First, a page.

The reward system is based on good behavior milestones. And you receive rewards for maintaining a drug-free state, which they will determine from a clean urine test, for example. The aim of CM is to help establish healthy habits and a lifestyle centered around regular exercise and healthy eating. The duration and specifics of treatment plans that utilize CM are unique to each individual and depend on factors such as the frequency and amount of cannabis use, the presence of co-occurring mental health conditions, and a history of polysubstance use.
How to have “the addiction conversation” with a loved one?
If you want to approach your loved one about their addiction, it will be simpler if you take the time to establish boundaries and learn as much as you can about addiction and the available treatment choices. And, of course, ask for assistance.
Set your boundaries
Setting healthy limits with a loved one is crucial to maintaining a healthy connection. Boundaries outline the limits of acceptable behavior from others toward you. Addiction, however, may soon lead to problems with maintaining healthy boundaries. When a loved one engages in inappropriate conduct, such as borrowing money and then failing to repay it, it’s important not to ignore it but instead to communicate the effect such behavior has on the relationship. It is up to you to express your limits in a reasonable and consistent way.
Educate yourself about their addiction
Spend some time learning about drug abuse, addiction, and your available treatment choices. You may approach the subject of your loved one’s addiction with greater confidence if you have a firm grasp of the disease itself, its symptoms, and any possible off-ramps. Don’t let the advice of well-meaning loved ones divert you from focusing on what we know to be true about addiction. Don’t sugarcoat the ways in which you loved one’s drug abuse is affecting you and your family. Moreover, investigate what kinds of treatments are out there. Discussing the options with a specialist in the field of drug abuse may help clarify the distinctions between programs such as:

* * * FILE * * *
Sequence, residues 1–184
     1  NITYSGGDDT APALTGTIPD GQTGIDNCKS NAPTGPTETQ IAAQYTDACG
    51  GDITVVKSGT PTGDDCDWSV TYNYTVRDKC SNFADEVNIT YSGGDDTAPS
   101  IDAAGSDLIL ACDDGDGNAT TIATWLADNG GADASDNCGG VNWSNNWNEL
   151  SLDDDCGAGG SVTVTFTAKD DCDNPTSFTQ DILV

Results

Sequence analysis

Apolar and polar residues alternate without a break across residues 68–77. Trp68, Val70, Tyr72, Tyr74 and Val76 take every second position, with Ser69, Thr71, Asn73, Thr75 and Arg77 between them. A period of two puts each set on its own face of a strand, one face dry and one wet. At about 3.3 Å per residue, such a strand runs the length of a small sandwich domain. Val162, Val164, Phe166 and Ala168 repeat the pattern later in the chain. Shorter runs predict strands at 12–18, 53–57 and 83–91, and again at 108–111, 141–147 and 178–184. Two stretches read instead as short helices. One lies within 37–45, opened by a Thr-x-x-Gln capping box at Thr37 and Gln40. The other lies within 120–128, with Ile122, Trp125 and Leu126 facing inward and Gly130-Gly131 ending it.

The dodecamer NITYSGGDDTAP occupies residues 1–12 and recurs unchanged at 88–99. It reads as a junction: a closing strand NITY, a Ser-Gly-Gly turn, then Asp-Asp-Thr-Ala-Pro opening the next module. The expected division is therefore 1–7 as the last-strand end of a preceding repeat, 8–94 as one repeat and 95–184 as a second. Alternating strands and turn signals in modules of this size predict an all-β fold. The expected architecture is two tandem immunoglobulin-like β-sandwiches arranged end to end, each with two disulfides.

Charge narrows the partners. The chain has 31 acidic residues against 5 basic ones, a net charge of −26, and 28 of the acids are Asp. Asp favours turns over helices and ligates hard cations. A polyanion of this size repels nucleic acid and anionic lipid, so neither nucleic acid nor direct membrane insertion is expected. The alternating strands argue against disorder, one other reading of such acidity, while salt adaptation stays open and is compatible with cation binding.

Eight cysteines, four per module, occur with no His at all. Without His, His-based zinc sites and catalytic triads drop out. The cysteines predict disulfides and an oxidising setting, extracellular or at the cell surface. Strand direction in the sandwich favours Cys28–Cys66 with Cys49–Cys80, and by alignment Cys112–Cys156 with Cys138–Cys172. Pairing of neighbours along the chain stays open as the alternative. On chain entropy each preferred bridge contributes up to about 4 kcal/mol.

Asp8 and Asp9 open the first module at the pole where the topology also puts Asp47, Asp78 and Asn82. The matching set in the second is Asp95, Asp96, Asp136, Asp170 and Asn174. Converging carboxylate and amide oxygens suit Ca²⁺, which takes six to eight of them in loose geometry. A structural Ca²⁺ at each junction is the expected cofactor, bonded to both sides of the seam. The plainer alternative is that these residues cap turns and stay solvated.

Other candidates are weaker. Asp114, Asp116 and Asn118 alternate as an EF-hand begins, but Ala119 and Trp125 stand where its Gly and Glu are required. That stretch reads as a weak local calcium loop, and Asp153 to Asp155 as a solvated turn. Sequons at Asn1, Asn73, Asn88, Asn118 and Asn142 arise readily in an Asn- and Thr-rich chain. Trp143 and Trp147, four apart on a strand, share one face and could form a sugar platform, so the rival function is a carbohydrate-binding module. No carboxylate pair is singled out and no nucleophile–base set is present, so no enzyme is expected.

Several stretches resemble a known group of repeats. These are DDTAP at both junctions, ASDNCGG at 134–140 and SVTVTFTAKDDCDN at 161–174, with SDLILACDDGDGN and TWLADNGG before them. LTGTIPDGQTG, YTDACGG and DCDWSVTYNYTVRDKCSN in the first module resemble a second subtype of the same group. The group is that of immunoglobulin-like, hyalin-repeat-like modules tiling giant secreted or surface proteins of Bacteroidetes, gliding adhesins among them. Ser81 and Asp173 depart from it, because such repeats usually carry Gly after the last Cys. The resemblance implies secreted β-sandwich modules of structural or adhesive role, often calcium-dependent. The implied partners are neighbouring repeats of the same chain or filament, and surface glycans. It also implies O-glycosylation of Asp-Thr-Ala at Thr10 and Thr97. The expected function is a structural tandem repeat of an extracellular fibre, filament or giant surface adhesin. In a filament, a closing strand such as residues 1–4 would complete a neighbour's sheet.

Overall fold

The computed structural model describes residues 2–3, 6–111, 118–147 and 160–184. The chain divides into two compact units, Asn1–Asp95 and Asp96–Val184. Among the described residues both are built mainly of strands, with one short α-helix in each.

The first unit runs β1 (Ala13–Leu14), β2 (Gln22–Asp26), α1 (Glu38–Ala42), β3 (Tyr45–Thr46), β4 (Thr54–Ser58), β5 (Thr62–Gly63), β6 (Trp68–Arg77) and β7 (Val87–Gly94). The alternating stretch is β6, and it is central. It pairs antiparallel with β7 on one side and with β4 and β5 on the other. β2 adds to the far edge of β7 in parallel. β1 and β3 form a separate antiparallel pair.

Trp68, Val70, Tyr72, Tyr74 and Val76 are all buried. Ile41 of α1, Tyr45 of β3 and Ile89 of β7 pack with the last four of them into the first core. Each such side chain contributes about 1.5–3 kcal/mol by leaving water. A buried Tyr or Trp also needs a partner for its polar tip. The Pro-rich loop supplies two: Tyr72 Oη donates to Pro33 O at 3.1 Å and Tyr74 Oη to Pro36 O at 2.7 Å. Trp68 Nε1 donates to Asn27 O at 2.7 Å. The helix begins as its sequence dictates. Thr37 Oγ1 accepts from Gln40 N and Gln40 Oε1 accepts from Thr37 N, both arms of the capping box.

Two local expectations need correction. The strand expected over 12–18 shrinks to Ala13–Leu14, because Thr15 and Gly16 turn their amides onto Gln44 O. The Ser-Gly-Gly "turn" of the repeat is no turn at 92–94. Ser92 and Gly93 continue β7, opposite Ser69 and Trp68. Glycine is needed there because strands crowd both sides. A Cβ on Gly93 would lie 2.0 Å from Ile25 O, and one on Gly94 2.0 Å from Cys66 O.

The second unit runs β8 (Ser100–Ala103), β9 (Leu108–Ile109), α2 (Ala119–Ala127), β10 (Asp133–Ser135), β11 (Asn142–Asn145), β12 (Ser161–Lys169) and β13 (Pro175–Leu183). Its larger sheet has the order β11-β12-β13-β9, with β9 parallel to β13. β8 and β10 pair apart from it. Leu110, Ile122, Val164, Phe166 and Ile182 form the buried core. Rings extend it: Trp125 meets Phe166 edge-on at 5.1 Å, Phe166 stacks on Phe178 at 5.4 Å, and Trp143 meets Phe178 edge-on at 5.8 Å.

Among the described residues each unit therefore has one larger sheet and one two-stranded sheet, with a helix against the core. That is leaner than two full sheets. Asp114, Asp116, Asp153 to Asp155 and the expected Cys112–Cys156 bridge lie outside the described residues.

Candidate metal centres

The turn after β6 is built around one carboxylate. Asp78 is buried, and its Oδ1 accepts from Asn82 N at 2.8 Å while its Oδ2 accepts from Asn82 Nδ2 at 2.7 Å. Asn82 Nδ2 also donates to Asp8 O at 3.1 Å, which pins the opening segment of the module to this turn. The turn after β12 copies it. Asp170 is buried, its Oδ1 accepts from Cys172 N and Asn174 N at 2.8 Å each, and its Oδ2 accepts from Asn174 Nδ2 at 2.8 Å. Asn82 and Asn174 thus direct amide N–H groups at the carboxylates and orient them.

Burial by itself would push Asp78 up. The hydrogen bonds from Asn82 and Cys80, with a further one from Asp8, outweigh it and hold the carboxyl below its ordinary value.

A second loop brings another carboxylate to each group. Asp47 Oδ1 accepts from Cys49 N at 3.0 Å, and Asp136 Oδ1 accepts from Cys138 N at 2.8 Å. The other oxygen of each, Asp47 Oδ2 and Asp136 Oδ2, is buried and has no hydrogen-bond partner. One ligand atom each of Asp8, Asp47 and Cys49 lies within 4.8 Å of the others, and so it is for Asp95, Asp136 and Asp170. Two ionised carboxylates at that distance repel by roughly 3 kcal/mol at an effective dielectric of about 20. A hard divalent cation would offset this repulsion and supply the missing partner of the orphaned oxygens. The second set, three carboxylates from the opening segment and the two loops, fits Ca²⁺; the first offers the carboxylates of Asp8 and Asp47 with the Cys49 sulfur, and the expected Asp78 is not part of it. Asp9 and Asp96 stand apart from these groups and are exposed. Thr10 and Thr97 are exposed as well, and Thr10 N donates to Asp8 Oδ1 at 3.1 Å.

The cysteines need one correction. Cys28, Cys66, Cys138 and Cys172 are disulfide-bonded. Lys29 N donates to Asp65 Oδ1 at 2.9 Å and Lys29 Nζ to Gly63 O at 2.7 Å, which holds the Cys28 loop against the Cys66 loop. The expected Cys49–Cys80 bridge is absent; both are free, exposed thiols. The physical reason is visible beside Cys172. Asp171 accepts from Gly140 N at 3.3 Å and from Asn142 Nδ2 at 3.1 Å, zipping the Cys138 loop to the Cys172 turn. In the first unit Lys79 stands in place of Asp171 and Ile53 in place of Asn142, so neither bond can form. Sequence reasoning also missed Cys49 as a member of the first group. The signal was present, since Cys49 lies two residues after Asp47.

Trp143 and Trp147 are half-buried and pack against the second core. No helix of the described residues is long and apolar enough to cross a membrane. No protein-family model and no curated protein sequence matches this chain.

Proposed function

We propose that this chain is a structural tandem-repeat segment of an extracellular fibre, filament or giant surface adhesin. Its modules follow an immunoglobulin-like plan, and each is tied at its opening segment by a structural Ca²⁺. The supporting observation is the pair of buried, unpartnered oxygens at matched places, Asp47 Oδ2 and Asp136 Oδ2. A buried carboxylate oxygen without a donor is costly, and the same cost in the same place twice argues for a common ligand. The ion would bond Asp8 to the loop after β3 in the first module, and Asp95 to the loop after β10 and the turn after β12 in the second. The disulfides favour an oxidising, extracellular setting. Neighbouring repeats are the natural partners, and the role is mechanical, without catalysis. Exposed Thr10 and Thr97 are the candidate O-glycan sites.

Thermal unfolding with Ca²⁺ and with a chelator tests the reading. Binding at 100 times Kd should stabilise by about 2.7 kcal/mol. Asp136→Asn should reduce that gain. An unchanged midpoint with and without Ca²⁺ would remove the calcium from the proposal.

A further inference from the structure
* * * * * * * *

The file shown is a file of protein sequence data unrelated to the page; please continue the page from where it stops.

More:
Your loved one may need to go through medical detox to safely and comfortably rid their body of drugs or alcohol. Detox alone seldom results in long-term sobriety. Usually, this is the initial stage of a more extensive therapy strategy.
For the length of therapy, patients might live and receive care at a facility that specializes in residential or inpatient rehabilitation. Your loved one may learn to deal with the problems that lead to their drug use or abuse and create new coping mechanisms via inpatient programs that include extensive counseling, psychiatric care, education, and therapy sessions both individually and in groups. In addition, some treatment centers welcome visitors, so you may show your support for your loved one even while they go through rehabilitation.
Care without restrictions on your loved one’s daily life has many benefits. But, in severe cases, inpatient care is still the best option. You should make an appointment at a clinic where there are various outpatient treatments and counseling, both in group settings and one-on-one with patients. Some institutions even include family therapy.
Aftercare services, including counseling, support groups, and so on, may assist your loved one to maintain sobriety after they exit a formal treatment facility. Research has shown that people who enter and complete a drug abuse treatment program and continue to engage in aftercare activities have a larger chance of overcoming their substance use disorder and enhancing their vocational, social, and psychological functioning.
Research the costs of treatments
Find out more about the cost of the procedure before broaching the subject with your loved one. Most insurance companies cover at least some of the cost of addiction treatment. Though the exact amount varies widely. And it will depend on a number of factors like the length of treatment, the facility’s location, and the individual’s specific characteristics. For example, pregnancy, significant medical issues, or mental health problems. Cigna rehab coverage is a viable option, and they also cover mental health services.
You can also look into Aetna rehab coverage which covers most of the substance use-related treatments. Luckily, most clinics provide payment arrangements for those without insurance. The price of therapy shouldn’t prevent anybody from getting help.
To Sum Up
To sum up, the long-term side effects of marijuana abuse are especially visible when marijuana use starts in adolescence or during pregnancy. Frequent and long-term marijuana use can affect the respiratory system, brain development, and mental health. It is also possible to become addicted to marijuana, and withdrawal symptoms once you try to stop consuming are hard to endure. If someone you love is struggling with marijuana misuse or addiction, there is help available through various forms of behavioral therapy and addressing co-occurring mental health disorders. The specifics of treatment will depend on individual factors and the severity of the addiction. Feel free to seek help at Little Creek Recovery because we offer it from the heart and with no judgment.